Tuesday, April 24, 2007

ANZAC Day

Beach at Gallipoli 1915

Tomorrow Australia (and New Zealand) celebrates ANZAC Day. It marks the anniversary of the first major military action fought by Australian and New Zealand forces during the First World War. ANZAC stands for Australian and New Zealand Army Corps. The soldiers in those forces quickly became known as Anzacs, and the pride they soon took in that name endures to this day.~ from Wikipedia

It is always celebrated on the 25th April and we get a holiday from work for the occasion.

There was not a great tradition of celebrating ANZAC day in our family, as my father never went to war. However, it seemed you could never miss it completely. What follows is my history of ANZAC day.

1950s
As children in Primary School in the 1950s every ANZAC eve , broadcast through the school, was the story of
Simpson and his donkey. I suppose they thought it would appeal to children, a touching story - with animals – of heroism in the face of battle. The story of Simpson and his donkey is still vivid in my memory to this day.

When we lived in Woods Point in the late 50s we watched the returned soldiers march down the main street. There was a man called Andy Hut who was reputed to be a VC. We thought his name was amusing because he actually lived in a hut, just down the road from the hospital where we lived. Just outside his hut was an enormous Sycamore tree. I remember loving the little helicopter blade seedpods spinning down from the tree in autumn.

Not to be outdone by the march, we had our own monument down by the river. It was an outcrop of stones amid the blackberry bushes (which were rife in that area) and we’d found a large stone to be a plaque. On it we inscribed, with sandstone, the words “Lest We Forget” and we’d stand there and salute it.

1960s/70s
In the late 1960s and early 1970s, celebrating ANZAC day was out of favour with the youth of the day. We were, after all, protesting against another war (Vietnam), so the glorification of war as represented by ANZAC day, was anathema. Just before ANZAC day in 1971, the word PEACE was painted in large white letters on the pillars of the north portico of the Shrine of Remembrance in Melbourne. It caused outrage among the establishment, particularly the RSL. It was hard to remove, and the letters remained faintly visible for over twenty years.

In spite of this attitude on youth’s part, in my second last year of university, Australian History was one of my majors. It was a very interesting course mostly due to one history lecturer, L L Robson. Towards the end of the course, Robson – a flamboyant and entertaining speaker – delivered a lecture on the first AIF (Australian Infantry Forces) in particular, on the conflict at Gallipoli. It was a splendid dissertation– moving and inspirational. We gave Robson a standing ovation after it was over, the only time in my memory that a lecturer was accorded such an honour.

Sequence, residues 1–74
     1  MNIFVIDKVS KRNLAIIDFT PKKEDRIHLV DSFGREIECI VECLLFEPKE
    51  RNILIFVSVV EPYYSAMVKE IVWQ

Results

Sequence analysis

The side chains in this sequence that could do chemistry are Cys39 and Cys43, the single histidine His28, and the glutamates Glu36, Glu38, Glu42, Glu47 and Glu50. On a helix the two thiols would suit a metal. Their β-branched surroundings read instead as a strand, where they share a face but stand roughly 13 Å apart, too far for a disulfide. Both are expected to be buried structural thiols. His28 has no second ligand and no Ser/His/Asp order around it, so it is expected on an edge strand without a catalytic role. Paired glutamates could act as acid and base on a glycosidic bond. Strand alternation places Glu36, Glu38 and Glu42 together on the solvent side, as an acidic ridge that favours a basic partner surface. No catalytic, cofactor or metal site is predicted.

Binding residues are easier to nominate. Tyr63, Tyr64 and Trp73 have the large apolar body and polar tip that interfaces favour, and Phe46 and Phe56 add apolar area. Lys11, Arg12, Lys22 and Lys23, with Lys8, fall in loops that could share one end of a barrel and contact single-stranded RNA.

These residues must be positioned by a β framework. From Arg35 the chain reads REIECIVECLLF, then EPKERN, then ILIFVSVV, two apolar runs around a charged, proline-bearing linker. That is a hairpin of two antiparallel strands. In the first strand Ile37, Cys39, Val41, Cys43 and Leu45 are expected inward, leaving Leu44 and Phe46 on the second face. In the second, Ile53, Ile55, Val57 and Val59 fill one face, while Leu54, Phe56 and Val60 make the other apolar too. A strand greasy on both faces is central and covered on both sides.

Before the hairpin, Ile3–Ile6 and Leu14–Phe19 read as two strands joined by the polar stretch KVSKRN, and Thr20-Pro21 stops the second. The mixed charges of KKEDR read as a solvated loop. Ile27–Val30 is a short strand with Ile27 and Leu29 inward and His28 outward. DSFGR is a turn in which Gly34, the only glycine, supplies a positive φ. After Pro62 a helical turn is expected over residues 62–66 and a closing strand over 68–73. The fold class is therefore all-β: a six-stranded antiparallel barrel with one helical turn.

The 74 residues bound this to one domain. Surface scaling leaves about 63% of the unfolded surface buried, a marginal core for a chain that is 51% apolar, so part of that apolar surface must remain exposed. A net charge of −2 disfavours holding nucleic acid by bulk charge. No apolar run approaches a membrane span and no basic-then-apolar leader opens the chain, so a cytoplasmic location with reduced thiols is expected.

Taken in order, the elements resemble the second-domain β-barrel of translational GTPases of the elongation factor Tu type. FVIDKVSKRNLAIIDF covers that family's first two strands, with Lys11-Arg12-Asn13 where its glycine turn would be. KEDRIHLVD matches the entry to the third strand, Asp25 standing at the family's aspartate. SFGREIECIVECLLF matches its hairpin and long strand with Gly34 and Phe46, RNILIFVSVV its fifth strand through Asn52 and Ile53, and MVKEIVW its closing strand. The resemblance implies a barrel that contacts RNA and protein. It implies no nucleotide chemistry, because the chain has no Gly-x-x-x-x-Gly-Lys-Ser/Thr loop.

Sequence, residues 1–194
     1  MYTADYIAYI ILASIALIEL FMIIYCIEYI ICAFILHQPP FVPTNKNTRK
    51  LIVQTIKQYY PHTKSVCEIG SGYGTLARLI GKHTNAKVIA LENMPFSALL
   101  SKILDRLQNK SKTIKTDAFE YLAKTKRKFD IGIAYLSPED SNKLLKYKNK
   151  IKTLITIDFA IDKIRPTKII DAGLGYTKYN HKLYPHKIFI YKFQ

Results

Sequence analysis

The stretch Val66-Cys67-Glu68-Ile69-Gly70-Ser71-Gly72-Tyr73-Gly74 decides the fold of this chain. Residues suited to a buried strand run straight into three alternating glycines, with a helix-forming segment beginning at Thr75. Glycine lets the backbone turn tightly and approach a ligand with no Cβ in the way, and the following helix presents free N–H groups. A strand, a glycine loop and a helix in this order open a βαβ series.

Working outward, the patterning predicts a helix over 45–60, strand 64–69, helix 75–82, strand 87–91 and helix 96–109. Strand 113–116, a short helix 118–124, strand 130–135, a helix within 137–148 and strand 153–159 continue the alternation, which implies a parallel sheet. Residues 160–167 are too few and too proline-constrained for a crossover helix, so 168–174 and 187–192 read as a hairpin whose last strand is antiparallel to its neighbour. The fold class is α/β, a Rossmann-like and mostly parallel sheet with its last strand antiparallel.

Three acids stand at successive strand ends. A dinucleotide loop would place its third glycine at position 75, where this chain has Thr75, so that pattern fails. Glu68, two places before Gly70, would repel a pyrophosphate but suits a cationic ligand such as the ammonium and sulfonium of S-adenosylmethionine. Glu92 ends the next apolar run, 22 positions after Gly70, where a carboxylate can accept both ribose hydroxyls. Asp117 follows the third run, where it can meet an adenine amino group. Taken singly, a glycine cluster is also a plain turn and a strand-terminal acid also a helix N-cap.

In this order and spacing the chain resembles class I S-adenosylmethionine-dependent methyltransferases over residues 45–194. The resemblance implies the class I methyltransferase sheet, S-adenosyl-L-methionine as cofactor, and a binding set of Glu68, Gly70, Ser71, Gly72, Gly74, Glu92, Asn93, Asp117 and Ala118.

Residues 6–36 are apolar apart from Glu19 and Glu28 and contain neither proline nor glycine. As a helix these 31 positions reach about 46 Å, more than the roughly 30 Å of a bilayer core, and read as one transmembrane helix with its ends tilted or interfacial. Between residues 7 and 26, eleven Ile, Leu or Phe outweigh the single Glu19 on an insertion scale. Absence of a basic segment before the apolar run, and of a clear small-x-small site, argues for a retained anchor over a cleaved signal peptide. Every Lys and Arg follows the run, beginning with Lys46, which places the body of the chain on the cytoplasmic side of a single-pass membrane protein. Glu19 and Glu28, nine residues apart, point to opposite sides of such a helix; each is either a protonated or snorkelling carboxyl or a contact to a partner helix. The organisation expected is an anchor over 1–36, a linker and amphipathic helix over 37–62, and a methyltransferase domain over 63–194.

There was of course the film Gallipoli, made in 1981 about the first AIF. It has that extraordinary sequence at the end where the brave Aussie soldiers go over the top into death and the athletic boy runs, arms outstretched, until bullets cut him down.

1980s to present
Of course attitudes changed after the Vietnam War was over. Eric Bogle wrote the magnificent song
“And The Band Played Waltzing Matilda” which I used to play every ANZAC day. It’s an anti-war song of great emotive power with cutting lyrics.

The youth of today travel as far a field as Turkey to celebrate ANZAC day on the beach at Gallipoli, something we wouldn’t have considered doing back in the 60s.

So ANZAC day, despite all, remains important in Australian cultural history. The old soldiers get fewer and fewer each year, but I dare say there will be more wars to fill the dwindling ranks of returned soldiers marching from the Shrine.

These days I just enjoy the break from work.

Tomorrow I shall just relax and enjoy myself. In the evening we are going to a dinner and show at a new, for me, venue. The artists we are to see are Kieran Kane, Kevin Welch, Fats Kaplin and Kieran’s son Lucas. They are wonderful performers - singer/songwriters from Nashville. More about them later…with pictures.

PS: How could I forget!

I was talking with a friend tonight on the phone and he mentioned ANZAC Biscuits - the equivalent fare for ANZAC Day as hot cross buns are for Easter.

So here's a recipe for them. They are easy to make - we children could make them - and they are quite delicious, though I must admit I haven't made them for 40+ years or so. I found this recipe in an old cookery book called Good Housekeeping World Cookbook which B bought for 10 cents from the Salvation Army many years ago. I can't remember putting chopped walnuts in the mix, but all the rest of the ingredients sound right.



3 comments:

John said...

This is a fascinating post.

Jan said...

Wonderful posting, this.
I found it and THEN had to make m'self a cuppa before I indulged!!
Full of history and images and thoughts "to take away"
Thanks Anne.

Anne S said...

Thanks for your comment John, I'm glad you found the post interesting.

Jan, Thanks too. I've added to it since you commented. Forgot the Anzac bikkies.